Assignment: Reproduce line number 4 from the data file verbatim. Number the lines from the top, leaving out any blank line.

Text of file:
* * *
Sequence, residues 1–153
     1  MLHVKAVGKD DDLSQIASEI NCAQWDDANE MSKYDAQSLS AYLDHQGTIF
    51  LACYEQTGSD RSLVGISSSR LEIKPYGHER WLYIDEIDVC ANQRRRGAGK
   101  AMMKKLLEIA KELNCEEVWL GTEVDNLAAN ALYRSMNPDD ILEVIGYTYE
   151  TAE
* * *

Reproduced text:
   101  AMMKKLLEIA KELNCEEVWL GTEVDNLAAN ALYRSMNPDD ILEVIGYTYE